Child Abuse And Neglect Cases Weighing Down Montana Courts
The number of child abuse and neglect cases in Montana is weighing down the state’s already burdened court system.
“It’s significant. It’s actually startling.”
That’s Supreme Court Admin Beth McLaughlin testifying before the Judicial Redistricting Committee Tuesday.
The 2015 legislature asked the committee to see if reorganizing state district court resources could help lighten the workload.
McLaughlin said she didn’t believe the child abuse and neglect numbers when they first came out – there were more than 2,300 last year.
“That’s an increase of over 700 cases in total of one year."
Those cases take a lot of time for judges to review, McLaughlin says.
"Child abuse and neglect numbers are the most time consuming cases in the district court. They, in our workload study, take the most time by the judge far and above anything else."
Child and abuse and neglect cases take priority above other cases because they deal with kids, and the ultimate goal is to get kids back to parents as fast as the child protective services system allows.
"And so what ends up happening if you have that many more priority cases [than] your general civil cases, your ‘Joe Smith’ who’s waiting for their case to be hear, they get pushed back, because you have to deal with these cases first."
"It has a ripple effect on the other parts of the calendar."
That’s Yellowstone County District Court Judge Greg Todd. Child abuse and neglect cases more than doubled in Yellowstone County from 2014 to 2015.
“It is a challenge scheduling matters, and it is a challenge for everyone involved in the system.”
Judge Todd said an upsurge of meth use is a major contributor to the increase in these kinds of cases.
Reports discussed in this week’s judicial interim committee said 21 additional judges are needed around the state to meet workload demands. The report said six of those judges are needed in Yellowstone County. It estimates a total of about eight more judges are needed in Missoula, Flathead and Lewis and Clark Counties.
Committee members said judges, along with supporting staff and resources, cost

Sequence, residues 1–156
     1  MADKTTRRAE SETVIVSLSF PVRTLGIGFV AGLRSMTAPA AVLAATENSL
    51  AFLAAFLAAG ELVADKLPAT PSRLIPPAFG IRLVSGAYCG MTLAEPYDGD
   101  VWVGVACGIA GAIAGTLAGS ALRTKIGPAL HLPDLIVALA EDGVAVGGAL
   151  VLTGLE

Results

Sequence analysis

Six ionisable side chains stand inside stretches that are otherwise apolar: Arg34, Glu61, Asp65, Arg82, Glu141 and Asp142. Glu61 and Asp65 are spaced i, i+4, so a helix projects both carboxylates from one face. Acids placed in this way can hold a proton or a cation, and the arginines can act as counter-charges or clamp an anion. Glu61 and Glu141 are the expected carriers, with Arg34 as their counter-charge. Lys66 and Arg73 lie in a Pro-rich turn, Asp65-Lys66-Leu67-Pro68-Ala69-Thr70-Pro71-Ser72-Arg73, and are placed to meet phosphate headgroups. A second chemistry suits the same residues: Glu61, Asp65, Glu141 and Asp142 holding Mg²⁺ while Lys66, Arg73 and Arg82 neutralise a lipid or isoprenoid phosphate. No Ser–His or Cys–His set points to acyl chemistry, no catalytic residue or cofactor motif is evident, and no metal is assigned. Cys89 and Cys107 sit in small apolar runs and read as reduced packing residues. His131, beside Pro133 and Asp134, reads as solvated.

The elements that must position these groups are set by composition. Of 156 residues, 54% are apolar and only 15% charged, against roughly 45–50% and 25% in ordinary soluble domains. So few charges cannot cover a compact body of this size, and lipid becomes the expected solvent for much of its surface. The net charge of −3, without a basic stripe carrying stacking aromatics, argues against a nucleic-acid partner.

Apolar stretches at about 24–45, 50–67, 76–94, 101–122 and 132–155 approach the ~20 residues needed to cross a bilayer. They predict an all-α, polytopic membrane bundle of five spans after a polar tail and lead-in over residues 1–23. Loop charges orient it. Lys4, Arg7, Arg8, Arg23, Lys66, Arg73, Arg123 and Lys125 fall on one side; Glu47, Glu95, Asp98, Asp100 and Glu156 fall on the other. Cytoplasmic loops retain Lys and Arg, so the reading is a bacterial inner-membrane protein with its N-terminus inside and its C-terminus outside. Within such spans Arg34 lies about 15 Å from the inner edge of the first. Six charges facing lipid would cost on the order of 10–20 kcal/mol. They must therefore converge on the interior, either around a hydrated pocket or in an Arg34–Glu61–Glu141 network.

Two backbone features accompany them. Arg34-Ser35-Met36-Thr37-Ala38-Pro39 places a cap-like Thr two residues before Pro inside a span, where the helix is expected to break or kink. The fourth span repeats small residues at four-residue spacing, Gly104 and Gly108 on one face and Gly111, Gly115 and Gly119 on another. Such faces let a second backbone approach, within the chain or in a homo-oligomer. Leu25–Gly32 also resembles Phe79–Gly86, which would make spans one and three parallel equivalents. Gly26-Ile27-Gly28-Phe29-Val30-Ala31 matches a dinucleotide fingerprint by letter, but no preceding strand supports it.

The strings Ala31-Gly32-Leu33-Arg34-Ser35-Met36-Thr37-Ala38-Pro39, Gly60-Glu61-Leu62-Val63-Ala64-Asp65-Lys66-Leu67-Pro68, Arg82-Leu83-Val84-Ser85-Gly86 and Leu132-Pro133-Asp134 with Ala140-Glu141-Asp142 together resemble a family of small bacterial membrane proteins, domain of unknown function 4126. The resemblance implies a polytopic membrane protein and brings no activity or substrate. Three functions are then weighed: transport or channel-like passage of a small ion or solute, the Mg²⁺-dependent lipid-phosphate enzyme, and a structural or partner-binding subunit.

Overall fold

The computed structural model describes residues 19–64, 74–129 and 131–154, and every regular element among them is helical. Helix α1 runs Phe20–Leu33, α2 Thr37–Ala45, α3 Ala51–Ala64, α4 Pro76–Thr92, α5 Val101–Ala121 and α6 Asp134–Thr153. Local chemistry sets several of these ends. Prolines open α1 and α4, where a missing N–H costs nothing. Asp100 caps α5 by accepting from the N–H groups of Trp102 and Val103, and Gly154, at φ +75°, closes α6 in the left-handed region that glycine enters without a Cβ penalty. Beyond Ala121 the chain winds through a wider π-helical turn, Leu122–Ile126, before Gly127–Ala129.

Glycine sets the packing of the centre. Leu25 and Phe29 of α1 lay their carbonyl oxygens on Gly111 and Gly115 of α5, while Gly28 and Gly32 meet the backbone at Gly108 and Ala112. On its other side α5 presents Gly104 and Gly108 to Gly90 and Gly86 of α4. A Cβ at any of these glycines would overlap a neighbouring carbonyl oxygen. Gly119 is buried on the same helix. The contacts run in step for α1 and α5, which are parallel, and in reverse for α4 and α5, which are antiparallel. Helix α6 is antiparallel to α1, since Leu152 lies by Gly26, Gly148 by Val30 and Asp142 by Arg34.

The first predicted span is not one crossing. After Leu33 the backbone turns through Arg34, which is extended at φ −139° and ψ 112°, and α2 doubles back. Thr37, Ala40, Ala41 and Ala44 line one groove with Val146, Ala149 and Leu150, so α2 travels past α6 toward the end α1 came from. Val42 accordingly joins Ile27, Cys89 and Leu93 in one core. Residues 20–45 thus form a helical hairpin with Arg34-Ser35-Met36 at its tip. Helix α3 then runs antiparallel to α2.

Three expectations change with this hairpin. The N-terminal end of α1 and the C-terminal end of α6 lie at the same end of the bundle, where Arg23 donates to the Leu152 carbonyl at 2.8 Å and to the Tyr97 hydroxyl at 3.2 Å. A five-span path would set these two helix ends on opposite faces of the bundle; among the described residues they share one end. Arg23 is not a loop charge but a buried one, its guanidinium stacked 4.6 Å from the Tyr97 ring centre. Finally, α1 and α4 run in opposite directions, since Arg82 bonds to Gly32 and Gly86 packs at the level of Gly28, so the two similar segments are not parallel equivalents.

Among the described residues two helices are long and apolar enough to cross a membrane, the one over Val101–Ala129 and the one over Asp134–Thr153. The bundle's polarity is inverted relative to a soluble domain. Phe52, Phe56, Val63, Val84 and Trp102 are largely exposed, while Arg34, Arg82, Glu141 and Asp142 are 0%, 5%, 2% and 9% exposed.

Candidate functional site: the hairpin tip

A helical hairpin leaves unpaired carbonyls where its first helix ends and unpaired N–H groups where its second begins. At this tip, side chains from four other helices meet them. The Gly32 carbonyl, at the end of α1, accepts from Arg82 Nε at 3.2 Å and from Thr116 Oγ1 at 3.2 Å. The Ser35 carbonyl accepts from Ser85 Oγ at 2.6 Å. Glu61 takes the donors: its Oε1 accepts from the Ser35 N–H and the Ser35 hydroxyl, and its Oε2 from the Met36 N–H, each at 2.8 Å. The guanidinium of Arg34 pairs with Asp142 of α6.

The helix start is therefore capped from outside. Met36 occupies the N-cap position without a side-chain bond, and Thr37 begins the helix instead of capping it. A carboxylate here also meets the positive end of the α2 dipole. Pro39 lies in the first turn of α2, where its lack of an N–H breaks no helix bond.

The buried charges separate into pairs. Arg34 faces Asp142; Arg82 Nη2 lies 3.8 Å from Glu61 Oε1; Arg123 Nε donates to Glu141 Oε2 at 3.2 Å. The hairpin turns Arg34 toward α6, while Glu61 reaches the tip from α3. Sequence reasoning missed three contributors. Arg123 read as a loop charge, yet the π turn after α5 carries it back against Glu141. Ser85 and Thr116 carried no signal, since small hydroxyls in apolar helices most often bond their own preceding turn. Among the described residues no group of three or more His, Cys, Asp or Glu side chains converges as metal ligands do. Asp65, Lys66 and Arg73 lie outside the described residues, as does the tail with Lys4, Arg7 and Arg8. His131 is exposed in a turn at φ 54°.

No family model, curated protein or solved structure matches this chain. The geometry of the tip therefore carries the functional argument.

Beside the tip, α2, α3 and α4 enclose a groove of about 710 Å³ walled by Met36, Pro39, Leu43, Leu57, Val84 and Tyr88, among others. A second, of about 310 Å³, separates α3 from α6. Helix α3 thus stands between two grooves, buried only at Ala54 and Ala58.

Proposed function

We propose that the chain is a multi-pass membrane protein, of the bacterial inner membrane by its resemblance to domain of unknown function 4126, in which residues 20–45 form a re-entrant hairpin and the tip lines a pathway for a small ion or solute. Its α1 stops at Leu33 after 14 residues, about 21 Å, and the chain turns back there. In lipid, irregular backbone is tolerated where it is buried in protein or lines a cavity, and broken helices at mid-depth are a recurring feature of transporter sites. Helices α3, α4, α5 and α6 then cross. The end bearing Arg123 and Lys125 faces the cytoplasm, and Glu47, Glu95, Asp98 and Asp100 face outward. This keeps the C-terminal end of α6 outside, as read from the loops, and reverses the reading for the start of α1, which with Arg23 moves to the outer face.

about half-a-million dollars each.
Getting Montana’s judicial system to the point where it could comfortably handle current caseloads would cost the state about $10 million.
Judge Todd, who chairs the judicial redistricting committee, doesn’t expect to get that kind of money.
"We’d be laughed out of the legislature. It’d be like going in and saying we want to win the lottery. I think realistically, asking for two additional judges in Billings and probably an additional judge in three or four most populous districts is realistic."
Judge Todd says getting five or six more judges statewide is a good goal for the next legislative session.
Supreme Court Administrator Beth McLaughlin says even with some additional judges, Montana’s problem of child abuse and neglect stretches outside the court system.
"And I know that I sound like a broken record on child abuse and neglect, but the numbers are just outrageous. It is a problem that far beyond judiciary’s control to do anything about.”
In early January the head of Montana’s Child and Family Services Division said her agency lacks the resources and staffing needed to deal with the number of incoming cases.
A recent audit of that agency's work found extensive weakness in their documentation and problems with how the department is investigating cases.
The Protect Montana Kids Initiative created by Governor Steve Bullock last fall has a March deadline to recommended improvements to the state’s child protective system. The committee last week discussed working past the March deadline.
Members of this week’s Judicial Redistricting Committee were doubtful that a rearranging of resources could help significantly improve district court workload.
The question of funding more judges will be addressed by the 2017 legislature. In the meantime a few redistricting drafts will be drawn up before for the committee’s next meeting in April.